Martine Croxall: .. don't you try to establish whether there's more to it than that?

Esther Rantzen: Right. Here you are, and I'm saying to you of course I've never met the man, and I've never worked with him, but I hear Jimmy Savile attacks girls.

Martine Croxall: But you had met him, hadn't you?

Esther Rantzen: No, no, no. At the time I heard this rumour I hadn't met him. I was a researcher, a junior researcher. And I was being told it by a junior researcher who had contacts in Fleet Street. The big newspapers tried to investigate him on several occasions. The police tried to investigate him. But everything depended on the evidence of children standing up in court. Without it you can't broadcast, you can't publish, you can't take a case. Operation Yewtree, now, is able to look at individual statements by adult survivors, see how they corroborate each other. And that, at last, is evidence.

Martine Croxall: What could people have done in the 80's and 90's?

Esther Rantzen: Well. We launched ChildLine. We launched ChildLine specifically to find a way for children to talk about something they found impossible to disclose to the people around them. It gives them anonymity, it gives them confidentiality. And the first thing we do to a child is say 'this is not your fault.'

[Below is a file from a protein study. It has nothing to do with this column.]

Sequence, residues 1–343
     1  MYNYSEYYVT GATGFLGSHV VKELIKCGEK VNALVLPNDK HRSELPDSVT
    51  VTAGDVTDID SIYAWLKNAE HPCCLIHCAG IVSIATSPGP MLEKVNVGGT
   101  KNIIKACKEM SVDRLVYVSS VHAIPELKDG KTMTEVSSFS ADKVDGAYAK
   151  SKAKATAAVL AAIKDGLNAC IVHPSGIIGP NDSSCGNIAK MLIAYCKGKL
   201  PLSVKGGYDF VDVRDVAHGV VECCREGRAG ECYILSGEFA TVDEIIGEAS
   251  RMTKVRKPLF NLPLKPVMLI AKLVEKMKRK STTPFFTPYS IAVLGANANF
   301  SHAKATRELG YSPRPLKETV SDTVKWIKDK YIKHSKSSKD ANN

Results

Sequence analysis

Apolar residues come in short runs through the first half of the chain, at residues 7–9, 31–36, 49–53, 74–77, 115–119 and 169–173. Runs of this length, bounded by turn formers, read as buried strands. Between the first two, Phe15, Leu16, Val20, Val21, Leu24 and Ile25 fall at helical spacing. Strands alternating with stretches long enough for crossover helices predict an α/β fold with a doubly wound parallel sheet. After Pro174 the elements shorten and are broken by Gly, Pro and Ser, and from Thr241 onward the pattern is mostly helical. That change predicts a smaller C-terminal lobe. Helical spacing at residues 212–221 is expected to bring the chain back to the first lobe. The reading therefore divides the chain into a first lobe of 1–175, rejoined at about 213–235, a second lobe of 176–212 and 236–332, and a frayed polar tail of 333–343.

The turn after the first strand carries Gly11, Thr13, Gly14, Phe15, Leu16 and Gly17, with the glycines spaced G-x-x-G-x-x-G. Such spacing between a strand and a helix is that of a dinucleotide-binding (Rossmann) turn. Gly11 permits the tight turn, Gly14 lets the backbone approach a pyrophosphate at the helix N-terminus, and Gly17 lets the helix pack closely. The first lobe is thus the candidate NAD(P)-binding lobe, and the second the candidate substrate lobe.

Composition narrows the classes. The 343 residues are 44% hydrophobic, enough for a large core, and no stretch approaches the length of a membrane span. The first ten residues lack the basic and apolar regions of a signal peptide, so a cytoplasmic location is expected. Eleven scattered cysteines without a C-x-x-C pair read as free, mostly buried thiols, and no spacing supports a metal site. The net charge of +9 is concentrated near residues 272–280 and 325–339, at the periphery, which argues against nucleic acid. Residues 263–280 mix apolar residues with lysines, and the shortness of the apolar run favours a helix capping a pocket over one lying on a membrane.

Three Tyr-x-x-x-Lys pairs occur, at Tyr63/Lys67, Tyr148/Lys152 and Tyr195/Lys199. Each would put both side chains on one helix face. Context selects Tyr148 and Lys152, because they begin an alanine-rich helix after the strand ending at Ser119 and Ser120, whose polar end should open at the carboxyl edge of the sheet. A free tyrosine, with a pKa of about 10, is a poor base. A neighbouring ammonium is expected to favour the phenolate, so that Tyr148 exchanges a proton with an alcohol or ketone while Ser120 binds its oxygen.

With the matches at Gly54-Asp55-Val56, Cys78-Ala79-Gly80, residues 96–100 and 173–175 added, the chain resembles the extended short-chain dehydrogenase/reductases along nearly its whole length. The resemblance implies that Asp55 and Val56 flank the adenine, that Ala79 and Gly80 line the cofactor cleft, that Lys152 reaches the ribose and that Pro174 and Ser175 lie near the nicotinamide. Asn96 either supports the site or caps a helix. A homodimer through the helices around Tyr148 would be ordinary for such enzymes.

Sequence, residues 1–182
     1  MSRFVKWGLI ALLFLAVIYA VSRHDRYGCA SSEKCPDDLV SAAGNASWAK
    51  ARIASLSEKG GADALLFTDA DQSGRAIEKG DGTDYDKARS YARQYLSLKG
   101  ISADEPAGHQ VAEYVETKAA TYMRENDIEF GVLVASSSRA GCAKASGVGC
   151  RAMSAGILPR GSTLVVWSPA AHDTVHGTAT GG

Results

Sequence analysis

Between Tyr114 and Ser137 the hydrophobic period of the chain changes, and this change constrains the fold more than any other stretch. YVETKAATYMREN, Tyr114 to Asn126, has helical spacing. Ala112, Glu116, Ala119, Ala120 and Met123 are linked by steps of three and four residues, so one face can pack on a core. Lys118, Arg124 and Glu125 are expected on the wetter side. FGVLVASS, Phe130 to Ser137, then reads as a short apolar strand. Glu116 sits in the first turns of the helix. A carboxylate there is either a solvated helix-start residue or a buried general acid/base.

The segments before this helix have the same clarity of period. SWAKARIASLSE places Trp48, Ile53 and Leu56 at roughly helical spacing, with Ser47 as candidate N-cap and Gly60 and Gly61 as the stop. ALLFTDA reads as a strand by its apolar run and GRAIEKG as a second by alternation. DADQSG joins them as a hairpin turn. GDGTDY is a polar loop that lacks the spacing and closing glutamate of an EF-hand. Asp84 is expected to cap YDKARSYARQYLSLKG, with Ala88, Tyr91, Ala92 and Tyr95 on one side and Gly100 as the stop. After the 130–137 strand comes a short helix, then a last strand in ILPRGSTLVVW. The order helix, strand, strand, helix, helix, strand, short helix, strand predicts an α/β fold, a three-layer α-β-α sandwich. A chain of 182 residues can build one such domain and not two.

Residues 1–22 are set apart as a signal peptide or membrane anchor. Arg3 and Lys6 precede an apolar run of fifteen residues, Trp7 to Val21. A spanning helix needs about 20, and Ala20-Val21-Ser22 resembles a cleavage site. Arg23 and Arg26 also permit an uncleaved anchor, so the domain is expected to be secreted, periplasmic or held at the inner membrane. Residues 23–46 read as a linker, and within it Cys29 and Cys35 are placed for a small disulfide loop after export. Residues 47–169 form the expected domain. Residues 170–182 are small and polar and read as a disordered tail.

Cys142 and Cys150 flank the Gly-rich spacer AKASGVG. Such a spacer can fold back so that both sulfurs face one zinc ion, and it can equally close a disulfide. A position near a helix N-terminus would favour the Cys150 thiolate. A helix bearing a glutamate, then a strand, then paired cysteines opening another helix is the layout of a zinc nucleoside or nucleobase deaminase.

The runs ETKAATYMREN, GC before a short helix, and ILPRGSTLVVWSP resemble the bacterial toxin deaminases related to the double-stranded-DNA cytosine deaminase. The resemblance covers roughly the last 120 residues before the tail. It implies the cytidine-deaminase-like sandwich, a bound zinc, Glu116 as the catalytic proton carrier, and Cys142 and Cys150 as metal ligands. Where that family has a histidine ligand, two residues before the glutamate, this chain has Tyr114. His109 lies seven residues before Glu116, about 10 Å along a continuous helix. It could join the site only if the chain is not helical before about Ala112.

Martine Croxall: How much more readily are children believed these days than they were, say 20 or 30 years ago?

Esther Rantzen: I think that's an excellent question. I think they are believed more often now. The children who ring ChildLine now, ring within a month of it starting in half the cases. (unclear) When we opened ChildLine in 1986 people were telling us about abuse which had been going on for 15 years - all their lives. Fortunately, now, they're starting to disclose earlier, and are being believed earlier.

Martine Croxall: Do you think, looking back on the documentary of last week, it was a mistake to mention the rumours that you knew of?

Esther Rantzen: I'm not here to defend myself. The fact is that everybody working in the music industry, television and in journalism had heard those rumours. It's .. it was as they say an open secret. You know, I believe, I've been told by someone who worked in the field, that there were rumours in the NHS. A journalist tells me that there were rumours in military intelligence. But the trouble is that, you know, that a lie goes half way around the world before truth has got its boots on. And we have to be very careful about distinguishing between rumours, which have no evidence, and real evidence of the kind that's coming out now.